International Monetary Fund (IMF) chief Christine Lagarde warned that about 70 percent of countries around the world should expect slower growth in 2019 as the global economy is losing momentum, The Guardian reports.
Lagarde mentioned the issues that had unsettled the world economy in recent months: trade tensions, Brexit concerns, and tougher financial conditions as central banks raised interest rates.
She said in a speech on Tuesday that the IMF was likely to downgrade its forecast for global growth in 2019 and 2020 next week. In their most recent forecast in January, it said the world economy would expand by 3.5 percent in both years.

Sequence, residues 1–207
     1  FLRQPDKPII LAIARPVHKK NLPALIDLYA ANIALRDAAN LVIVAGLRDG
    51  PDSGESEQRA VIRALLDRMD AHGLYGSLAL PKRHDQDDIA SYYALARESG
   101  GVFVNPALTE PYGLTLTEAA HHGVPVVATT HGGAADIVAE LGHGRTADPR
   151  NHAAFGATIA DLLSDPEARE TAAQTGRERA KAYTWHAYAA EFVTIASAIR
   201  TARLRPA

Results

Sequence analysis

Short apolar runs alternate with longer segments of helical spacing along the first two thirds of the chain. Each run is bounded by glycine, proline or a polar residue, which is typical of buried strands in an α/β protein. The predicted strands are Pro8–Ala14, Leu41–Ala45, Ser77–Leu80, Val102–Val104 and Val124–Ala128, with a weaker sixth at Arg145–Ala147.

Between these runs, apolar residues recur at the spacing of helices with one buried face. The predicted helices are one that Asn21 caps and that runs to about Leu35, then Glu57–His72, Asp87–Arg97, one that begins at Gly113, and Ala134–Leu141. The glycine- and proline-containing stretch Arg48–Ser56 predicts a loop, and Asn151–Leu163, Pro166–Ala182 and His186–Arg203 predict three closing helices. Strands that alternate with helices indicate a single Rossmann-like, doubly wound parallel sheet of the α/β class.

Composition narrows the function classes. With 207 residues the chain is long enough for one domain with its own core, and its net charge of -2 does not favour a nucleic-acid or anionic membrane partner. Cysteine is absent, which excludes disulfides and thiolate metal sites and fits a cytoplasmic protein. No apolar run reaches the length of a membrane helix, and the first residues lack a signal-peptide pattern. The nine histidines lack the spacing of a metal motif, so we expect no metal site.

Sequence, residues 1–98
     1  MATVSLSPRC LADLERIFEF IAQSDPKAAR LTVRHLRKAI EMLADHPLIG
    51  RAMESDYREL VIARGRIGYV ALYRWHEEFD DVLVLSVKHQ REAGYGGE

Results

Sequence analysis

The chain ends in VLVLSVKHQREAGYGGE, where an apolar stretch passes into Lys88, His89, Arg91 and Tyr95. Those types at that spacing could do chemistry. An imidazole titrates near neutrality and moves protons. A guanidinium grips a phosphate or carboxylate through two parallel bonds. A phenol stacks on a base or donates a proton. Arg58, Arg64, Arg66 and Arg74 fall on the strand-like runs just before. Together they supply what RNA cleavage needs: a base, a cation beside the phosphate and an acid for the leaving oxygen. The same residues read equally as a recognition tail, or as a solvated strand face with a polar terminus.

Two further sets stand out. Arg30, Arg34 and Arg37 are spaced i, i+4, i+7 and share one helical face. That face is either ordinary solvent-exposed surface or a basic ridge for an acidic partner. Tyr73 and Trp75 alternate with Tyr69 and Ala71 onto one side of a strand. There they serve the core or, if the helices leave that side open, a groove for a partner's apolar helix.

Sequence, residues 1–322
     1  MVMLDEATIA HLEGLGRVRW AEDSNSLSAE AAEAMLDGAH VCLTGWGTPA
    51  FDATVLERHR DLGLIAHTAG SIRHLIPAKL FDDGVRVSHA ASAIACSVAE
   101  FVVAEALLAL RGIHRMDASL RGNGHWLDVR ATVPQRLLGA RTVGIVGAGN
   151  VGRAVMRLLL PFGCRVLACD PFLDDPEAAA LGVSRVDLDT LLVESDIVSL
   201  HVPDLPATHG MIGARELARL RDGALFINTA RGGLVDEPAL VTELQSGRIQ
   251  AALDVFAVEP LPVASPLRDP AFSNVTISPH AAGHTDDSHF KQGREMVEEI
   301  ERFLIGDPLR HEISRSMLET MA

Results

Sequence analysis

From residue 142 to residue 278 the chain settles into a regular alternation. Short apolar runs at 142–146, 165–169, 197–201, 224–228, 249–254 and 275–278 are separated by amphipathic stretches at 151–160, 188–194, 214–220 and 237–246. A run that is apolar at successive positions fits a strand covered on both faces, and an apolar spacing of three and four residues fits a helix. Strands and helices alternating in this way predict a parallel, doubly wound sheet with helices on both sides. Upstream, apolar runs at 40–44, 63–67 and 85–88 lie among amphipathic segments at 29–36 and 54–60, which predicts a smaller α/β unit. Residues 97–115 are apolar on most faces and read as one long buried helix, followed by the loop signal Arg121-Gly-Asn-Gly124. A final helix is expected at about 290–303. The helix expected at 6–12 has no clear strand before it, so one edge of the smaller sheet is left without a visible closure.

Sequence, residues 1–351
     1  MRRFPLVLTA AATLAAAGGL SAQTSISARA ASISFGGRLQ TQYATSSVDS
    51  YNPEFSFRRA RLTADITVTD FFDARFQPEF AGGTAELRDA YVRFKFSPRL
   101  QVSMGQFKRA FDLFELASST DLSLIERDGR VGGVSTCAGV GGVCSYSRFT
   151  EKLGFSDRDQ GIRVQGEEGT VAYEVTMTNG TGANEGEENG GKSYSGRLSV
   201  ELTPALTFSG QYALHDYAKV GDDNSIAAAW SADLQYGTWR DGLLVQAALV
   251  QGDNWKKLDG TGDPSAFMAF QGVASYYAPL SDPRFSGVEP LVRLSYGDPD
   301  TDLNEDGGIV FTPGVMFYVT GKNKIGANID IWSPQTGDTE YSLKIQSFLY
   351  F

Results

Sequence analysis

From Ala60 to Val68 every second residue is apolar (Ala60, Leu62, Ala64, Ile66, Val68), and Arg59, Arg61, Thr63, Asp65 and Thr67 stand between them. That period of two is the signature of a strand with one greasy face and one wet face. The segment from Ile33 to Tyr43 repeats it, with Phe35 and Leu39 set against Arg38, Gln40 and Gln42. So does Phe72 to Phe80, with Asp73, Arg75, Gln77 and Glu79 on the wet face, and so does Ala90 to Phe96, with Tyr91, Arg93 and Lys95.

“A year ago, I said: ‘The sun is shining – fix the roof.’ Six months ago, I pointed to clouds of risk on the horizon. Today, the weather is increasingly unsettled,” she said.
However, Lagarde also noted that the global economy should be able to avoid a full-blown recession in the near term, and pick up growth in the second half of 2019 and in 2020. But she warned that there would still be risks to this, related to Brexit, high debt in some sectors and countries, trade tensions and unease in financial markets.
“Many economies are not resilient enough. High public debt and low interest rates have left limited room to act when the next downturn comes, which inevitably it will,” she said.